performance management

Meeting Maslow’s basic needs?

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Mike the Psych's Blog

The news that Ergo, a division of Munich Re the world’s biggest insurance company for other insurance companies, took over a company that organised an orgy in 2007 to reward its most successful sales people may have shocked many people at the time.

But you have to be impressed by the teutonic efficiency of it all.

The event was held at Gellert Baths in Budapest where 20 prostitutes were hired for the 100 participants. The women wore coloured armbands denoting their availability and whether they were hostesses, game for anything, or reserved for board members.

The men had to form an orderly queue of up to an hour to get into the 4-poster beds. After each interaction the prostitutes had their arm stamped. Not only could guests see at a glance which girls were more popular but the girls themselves could compare themselves with their peers and see which…

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Are Performance Reviews still decimating staff?

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business_people_line_door_1600_wht_9932Reading an article by Stephan Bevan from the Work Foundation recently I learned that forced distribution performance reviews aren’t a thing of the past but are alive and well.

He wonders why – in a world where top management talks about employee engagement and discretionary effort (i.e. getting something for nothing from your staff).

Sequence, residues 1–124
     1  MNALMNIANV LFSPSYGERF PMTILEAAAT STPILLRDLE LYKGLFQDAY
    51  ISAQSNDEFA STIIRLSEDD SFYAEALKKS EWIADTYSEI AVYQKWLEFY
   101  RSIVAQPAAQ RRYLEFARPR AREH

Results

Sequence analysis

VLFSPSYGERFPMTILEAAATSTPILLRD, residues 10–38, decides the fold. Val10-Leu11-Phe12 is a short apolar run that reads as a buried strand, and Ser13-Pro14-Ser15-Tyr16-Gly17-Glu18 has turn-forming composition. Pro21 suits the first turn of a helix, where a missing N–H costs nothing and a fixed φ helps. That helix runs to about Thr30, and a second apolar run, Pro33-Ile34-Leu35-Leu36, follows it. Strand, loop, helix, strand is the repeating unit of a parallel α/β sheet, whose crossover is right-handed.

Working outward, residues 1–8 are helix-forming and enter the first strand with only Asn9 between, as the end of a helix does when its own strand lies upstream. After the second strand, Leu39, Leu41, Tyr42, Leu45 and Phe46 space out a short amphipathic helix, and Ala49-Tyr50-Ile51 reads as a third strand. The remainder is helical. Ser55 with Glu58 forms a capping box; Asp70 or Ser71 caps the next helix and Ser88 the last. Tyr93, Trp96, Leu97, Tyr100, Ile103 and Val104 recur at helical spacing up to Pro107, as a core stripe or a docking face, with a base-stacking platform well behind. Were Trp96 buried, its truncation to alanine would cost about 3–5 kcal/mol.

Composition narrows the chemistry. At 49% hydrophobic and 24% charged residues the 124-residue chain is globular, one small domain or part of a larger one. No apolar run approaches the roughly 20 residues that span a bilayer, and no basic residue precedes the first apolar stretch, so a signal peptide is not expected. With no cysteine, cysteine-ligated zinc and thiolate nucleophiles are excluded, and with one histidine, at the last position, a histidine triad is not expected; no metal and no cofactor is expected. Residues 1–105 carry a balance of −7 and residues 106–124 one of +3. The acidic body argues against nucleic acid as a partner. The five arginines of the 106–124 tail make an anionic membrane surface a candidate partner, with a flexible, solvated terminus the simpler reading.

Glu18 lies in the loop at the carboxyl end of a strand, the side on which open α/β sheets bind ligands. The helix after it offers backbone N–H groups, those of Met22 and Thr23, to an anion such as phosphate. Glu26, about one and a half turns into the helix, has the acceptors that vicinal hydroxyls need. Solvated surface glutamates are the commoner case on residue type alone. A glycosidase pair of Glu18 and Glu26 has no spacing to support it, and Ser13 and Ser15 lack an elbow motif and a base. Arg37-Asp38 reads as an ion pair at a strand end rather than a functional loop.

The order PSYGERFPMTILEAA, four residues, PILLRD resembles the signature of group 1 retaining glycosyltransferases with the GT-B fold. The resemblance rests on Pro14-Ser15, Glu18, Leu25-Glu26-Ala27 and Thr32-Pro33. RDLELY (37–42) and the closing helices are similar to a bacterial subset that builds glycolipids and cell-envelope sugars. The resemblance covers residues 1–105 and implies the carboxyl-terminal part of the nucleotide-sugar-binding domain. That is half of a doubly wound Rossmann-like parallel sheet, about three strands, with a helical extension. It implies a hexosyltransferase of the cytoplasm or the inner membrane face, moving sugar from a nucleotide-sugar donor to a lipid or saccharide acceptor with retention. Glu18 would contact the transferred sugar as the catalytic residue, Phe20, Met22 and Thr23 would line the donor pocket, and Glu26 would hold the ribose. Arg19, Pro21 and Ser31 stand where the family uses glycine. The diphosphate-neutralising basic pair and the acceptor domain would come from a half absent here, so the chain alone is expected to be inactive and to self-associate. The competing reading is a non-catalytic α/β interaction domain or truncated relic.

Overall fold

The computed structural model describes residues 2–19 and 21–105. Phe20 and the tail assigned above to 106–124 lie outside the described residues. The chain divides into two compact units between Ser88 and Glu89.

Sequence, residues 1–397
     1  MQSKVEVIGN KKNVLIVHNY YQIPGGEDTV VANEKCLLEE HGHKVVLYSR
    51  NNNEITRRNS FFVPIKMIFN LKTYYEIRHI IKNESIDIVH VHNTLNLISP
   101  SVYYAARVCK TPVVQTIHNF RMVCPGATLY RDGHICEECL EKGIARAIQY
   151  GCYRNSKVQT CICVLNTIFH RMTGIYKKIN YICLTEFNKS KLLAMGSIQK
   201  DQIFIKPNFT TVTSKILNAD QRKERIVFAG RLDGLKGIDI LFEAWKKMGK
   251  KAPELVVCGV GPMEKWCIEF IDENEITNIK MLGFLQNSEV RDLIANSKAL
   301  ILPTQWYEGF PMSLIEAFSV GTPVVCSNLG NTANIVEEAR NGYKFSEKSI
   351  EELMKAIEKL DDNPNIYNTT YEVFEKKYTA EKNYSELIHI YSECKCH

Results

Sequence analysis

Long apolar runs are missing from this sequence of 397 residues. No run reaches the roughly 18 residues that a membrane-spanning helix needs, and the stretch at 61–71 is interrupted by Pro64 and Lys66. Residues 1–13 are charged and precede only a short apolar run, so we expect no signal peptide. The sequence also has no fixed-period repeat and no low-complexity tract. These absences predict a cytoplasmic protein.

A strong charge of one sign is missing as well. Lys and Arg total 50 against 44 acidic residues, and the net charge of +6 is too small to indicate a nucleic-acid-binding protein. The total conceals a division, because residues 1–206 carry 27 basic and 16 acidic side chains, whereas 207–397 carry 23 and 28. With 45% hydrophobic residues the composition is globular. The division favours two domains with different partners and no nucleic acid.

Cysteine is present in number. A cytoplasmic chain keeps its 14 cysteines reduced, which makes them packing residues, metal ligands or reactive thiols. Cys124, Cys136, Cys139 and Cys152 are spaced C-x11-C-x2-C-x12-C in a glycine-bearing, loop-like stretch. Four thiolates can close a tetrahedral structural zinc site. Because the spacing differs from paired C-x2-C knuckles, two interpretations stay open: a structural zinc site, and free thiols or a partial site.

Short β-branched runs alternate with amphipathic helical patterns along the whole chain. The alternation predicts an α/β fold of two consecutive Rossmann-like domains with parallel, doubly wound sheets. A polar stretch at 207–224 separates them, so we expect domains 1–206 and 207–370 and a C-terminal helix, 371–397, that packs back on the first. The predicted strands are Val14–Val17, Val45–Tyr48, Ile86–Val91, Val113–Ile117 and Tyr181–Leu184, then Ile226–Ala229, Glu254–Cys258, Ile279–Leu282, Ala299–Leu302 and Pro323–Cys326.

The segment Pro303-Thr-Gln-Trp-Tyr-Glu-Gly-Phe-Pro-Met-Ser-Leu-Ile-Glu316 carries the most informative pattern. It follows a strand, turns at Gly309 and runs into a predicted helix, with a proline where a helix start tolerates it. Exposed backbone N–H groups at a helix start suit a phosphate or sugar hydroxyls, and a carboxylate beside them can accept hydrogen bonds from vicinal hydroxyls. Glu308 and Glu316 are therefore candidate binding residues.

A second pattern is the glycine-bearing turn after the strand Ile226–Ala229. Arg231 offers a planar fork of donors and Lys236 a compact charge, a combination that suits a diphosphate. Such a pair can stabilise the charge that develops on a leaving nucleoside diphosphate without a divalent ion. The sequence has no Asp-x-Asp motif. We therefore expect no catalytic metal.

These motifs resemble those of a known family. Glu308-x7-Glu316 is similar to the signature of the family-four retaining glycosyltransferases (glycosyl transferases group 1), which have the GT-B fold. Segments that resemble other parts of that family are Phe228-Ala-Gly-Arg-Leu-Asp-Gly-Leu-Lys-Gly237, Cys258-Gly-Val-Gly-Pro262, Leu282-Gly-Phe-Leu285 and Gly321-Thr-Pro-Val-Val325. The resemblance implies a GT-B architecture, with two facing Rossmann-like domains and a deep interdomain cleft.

Companies are still using this kind of performance review where the bottom 10% are destined for the chop via a performance improvement plan (PIP) or by being “performance managed” – usually out of the company.

Apparently it’s not so common now in the USA because of legal challenges (Jack Welch would be unhappy about those) but is on the increase in the UK.

Yahoo talks about quarterly performance reviews, General Electric calls it the “vitality curve” (presumably if you’re not vital you’re out). The Civil Service call it “expected” or “guided distribution”.

The bottom line is that a manager can have a really high performing team but has to put 10% of them into “special measures” as Ofsted would say – even though they might all have exceeded their targets!

As Bevan says this approach is toxic. And generally performance review systems don’t work, and are based on faulty scientific thinking around distribution curves. Staff themselves aren’t happy with being rated average because they met the targets they were expected to.

We may not have decimation in its original sense viz 1 in 10 roman soldiers killed by their colleagues as a punishment for the whole cohort showing cowardice or disobeying orders, but we do have 360 feedback!